Then there is the web decorator. It contains general fields that most web pages of the demo project (can) have. This might also apply to your CMS, for the most fields. The web decorator contains the website name, introduction, related links and files, and also the page body. This body is stored in the content field. Hippo CMS builds the page bodies from different types of components called content blocks, which is why the content field is of the LIST type. Scroll down to the Solution chapter to see how this content field is filled.


This demo was originally made for an analysis project. The biggest shortcoming might be that the actual binaries (files like pdfs and images) are not downloaded by these robots, because constructing the correct frontend url's proved to be quite difficult and the file metadata was already sufficient.
The extraction consists largely of these steps:
  1. Export XML from Hippo console to local export folder
  2. Split XML in individual page/file XML files and store basic information and structure in MySQL (after this, some reports can already be made)
  3. Transform from the individual XML files, with some help from the MySQL tables, to the universal data model
To see the whole demonstration working: add the attached connector to your Xill IDE, set your project path correctly in Main.xill and run that robot. It should create a MySQL database, a MongoDB database and three Excel reports (in the Reports folder).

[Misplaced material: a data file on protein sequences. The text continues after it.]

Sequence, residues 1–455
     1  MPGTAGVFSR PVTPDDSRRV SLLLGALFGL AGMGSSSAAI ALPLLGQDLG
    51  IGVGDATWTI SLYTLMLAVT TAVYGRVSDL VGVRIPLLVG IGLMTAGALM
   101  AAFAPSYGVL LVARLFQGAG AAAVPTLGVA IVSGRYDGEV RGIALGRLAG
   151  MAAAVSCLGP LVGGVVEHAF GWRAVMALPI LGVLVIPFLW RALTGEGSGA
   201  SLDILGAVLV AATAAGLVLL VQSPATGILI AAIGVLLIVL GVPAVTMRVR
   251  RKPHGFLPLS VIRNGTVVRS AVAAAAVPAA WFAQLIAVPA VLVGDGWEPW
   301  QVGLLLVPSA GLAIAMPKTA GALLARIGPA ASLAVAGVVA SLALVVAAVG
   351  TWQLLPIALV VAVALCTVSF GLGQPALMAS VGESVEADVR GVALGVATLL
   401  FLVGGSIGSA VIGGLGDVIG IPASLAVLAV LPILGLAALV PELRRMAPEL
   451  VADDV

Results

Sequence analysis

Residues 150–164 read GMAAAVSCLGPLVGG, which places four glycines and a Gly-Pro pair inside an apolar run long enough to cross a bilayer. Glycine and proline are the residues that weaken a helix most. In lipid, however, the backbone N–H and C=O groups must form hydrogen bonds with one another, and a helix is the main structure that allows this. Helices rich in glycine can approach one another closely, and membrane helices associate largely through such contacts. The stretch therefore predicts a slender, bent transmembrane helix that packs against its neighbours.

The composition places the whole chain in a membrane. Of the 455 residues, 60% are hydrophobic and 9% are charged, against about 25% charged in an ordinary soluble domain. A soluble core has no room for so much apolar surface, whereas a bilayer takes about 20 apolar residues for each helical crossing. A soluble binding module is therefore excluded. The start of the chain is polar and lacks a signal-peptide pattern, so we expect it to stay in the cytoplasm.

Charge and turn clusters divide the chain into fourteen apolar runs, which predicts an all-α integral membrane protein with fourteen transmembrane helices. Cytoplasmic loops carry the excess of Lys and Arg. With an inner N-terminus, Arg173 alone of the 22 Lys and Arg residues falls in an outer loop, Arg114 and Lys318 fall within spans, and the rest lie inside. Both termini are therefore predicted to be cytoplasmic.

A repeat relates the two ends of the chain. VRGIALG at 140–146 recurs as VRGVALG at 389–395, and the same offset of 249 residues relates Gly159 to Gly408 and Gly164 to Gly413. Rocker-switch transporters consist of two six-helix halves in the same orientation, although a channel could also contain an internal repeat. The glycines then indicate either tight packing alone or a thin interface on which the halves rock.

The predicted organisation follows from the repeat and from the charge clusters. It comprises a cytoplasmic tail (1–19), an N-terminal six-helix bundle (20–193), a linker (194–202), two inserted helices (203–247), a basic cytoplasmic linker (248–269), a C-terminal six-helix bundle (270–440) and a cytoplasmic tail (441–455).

Export XML from Hippo console

The first step is to use the XML Export function in the Hippo console. This has one caveat: there is a 100MB limit per XML file, while Hippo can not tell you how big the XML file will get before you download it. Downloading the whole content node at once is almost certainly impossible, but how deep must you go? Once you chose a node, the system will start building the XML file, and with a little luck present you with a 'save file' option soon. If it hits the limit though, you will get an error page and probably have to wait a bit before you can try again.

Export XML from Hippo

Since you probably can not extract the assets, documents and gallery nodes at once, Xillio's export connector has been made so that you are flexible to use the Hippo exporter from any deeper level, as long as you structure your export files exactly the way it is in Hippo. This means that if you extract the node 'ecer' (see picture), you have to save the xml file at the local path [project folder]/Export/assets/ecer.xml.